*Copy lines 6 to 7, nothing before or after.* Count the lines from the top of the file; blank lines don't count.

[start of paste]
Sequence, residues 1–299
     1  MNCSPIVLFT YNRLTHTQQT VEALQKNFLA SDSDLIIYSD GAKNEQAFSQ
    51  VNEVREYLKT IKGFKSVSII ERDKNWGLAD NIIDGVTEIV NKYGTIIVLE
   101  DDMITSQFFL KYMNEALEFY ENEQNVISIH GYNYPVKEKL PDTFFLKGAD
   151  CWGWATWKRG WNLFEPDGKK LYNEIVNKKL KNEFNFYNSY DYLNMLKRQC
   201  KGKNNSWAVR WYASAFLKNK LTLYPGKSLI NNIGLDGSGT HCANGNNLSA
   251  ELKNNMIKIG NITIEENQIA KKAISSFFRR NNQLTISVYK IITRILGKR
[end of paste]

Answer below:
   201  KGKNNSWAVR WYASAFLKNK LTLYPGKSLI NNIGLDGSGT HCANGNNLSA
   251  ELKNNMIKIG NITIEENQIA KKAISSFFRR NNQLTISVYK IITRILGKR